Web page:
Dan, “Awesome. Natasha, do you have any examples? Have you been able to problematize the story of Abraham successfully?”
Natasha, “No, I’ve usually hated that story, so I’m liking what I’m hearing. [chuckling] I’m stealing your stuff, lady!
I’ve had similar thoughts of symbolism as far as Carol Lynn Pearson’s kind of take on it as well, that’s how I’ve thought about it before, as kind of a symbol, but when symbology kind of crosses the line into behavior, you know such as problematic as feeling like you’re in threat, you know by your own father, those are things that I have a hard time making that connect with the god that I worship and believe in, that God would put one of his children in that type of position, so those are things that I wrestle with I think just personally all the time, especially in the Old Testament stories, not just the Abraham one. Â There’s many stories that just don’t seem to make sense when I really put it into position. Now symbolically a lot of things can mean different things, and there can be a lot of beauty in that, so I’m always kind of willing to look at it more from a symbolical position.”
Dan, “Good, well thank you and forgive that sidebar. I read The Gift of Asher Lev. I know most people have read My Name is Asher Lev, but the second one, The Gift of Asher Lev is all about this, and that was my experience years ago of really, really starting to wrestle with the Abrahamic story and you know as somebody who still loves the scriptures and you know wants to wrestle with them and stuff like that, I’m comfortable problematizing it the way you are Tresa, but I’m not sure that a whole lot of people–I can imagine the collective sucking in of the breath during a Sunday School thing when it’s not treated in this idealized way and so I always look for practical things.”
Tresa, “Well, I think that there’s still some idealism to be found there. I don’t think that it’s a character flaw that Abraham to repeat these patterns, because we all do it. We are all striving to overcome these destructive patterns, wherever we got them, or however they’ve hurt us. That’s the journey towards growth for all of us, so I don’t think it’s any knock on Abraham and instead what it becomes is a parable of the incredible healing power of the atonement. Not just the power to heal sin, but to heal these very destructive psychological, behavioral issues that cause such trauma. The power of the atonement to heal the trauma, that we can experience through issues like this.”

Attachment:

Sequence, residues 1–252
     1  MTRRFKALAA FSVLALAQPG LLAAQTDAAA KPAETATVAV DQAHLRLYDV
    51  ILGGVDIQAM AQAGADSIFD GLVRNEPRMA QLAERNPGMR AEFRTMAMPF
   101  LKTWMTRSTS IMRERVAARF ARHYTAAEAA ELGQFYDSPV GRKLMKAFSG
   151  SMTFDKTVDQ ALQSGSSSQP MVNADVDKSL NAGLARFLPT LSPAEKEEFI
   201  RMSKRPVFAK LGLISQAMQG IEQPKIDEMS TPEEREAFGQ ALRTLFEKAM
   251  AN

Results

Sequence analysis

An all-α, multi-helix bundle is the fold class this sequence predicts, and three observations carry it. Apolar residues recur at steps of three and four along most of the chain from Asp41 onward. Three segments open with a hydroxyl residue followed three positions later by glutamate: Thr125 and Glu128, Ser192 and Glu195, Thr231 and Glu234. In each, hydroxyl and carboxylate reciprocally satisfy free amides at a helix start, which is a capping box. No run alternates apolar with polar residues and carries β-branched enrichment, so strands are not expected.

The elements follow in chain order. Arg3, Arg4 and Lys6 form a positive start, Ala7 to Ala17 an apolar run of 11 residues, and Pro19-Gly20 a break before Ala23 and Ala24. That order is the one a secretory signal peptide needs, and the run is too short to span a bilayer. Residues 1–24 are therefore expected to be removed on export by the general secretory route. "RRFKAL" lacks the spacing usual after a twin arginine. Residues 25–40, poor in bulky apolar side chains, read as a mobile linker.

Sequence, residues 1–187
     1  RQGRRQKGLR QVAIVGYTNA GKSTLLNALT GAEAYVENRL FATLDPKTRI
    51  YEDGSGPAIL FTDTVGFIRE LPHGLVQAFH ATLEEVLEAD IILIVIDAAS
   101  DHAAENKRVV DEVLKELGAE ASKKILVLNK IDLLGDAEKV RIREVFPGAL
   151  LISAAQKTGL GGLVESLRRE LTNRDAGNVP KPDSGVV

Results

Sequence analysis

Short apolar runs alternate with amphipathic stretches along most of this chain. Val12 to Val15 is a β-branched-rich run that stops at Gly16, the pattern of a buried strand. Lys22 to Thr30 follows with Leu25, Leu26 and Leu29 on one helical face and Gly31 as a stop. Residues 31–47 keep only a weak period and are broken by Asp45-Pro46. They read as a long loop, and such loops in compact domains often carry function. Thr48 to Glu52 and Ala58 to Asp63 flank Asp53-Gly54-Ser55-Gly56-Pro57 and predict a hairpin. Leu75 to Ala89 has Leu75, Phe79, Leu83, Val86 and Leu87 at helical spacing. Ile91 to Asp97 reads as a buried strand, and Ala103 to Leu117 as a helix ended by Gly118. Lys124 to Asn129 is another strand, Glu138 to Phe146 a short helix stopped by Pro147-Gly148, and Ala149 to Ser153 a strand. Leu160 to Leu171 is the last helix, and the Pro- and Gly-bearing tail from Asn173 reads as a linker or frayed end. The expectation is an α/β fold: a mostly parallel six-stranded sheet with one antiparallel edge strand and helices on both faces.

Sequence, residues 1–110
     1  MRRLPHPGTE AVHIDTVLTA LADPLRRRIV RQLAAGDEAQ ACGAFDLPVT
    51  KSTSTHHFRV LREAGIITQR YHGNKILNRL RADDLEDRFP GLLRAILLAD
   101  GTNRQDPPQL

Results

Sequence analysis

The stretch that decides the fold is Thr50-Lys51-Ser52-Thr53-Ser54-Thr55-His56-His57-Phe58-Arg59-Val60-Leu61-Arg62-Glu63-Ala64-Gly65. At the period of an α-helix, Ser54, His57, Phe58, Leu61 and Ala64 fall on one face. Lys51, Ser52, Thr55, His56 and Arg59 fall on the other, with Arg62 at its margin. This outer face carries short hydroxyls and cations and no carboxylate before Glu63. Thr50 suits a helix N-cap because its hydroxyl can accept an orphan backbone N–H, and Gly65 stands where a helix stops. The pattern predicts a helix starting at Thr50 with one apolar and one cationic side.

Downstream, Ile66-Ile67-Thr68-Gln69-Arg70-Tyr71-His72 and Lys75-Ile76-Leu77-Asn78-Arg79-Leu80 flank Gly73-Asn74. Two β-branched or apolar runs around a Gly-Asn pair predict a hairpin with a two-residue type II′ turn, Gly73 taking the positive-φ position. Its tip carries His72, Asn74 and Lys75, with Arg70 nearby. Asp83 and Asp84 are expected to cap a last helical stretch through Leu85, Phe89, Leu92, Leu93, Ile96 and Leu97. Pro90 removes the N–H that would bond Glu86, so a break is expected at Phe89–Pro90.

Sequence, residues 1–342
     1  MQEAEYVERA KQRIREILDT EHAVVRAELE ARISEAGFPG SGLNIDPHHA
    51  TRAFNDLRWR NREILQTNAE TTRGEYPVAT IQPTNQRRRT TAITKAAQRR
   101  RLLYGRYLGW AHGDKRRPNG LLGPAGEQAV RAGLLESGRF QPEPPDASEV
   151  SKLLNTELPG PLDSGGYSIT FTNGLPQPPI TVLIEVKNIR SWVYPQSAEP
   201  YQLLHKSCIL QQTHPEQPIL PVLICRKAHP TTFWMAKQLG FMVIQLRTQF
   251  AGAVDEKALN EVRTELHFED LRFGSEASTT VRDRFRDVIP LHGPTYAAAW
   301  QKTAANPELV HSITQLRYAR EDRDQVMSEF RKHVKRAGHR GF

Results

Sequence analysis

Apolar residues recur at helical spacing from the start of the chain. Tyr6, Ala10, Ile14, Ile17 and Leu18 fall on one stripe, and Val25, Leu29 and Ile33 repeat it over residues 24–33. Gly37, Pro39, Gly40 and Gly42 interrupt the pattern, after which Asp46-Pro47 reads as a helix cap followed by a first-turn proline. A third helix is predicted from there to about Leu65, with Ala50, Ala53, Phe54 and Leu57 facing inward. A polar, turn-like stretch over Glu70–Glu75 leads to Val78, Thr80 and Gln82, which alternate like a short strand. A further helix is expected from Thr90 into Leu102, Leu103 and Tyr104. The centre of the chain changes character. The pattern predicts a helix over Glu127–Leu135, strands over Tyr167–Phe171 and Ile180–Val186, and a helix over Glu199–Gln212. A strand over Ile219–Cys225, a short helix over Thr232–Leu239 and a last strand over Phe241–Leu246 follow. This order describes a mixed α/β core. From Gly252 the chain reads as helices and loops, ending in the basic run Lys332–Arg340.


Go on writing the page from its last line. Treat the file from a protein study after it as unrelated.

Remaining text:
Natasha, “Yeah, I really like that. Because otherwise my other concern that often comes up, and I do share this in my Sunday School lessons. You know, at what point is our relationship with God, I mean that’s obviously something that’s very personal for every person, but if our relationship with God is going to put somebody else in danger, then do we need to rethink that?
Obviously the time frame of Abraham is very different from our time frame today where you would be locked up as psychotic person if you were going to kill your own son. It is something that is interesting to wrestle with in our own time and age as far as can these stories have meaning, and I very much appreciate the meaning you have put forth today Tresa.”
What do you think of Tresa’s angle on this story?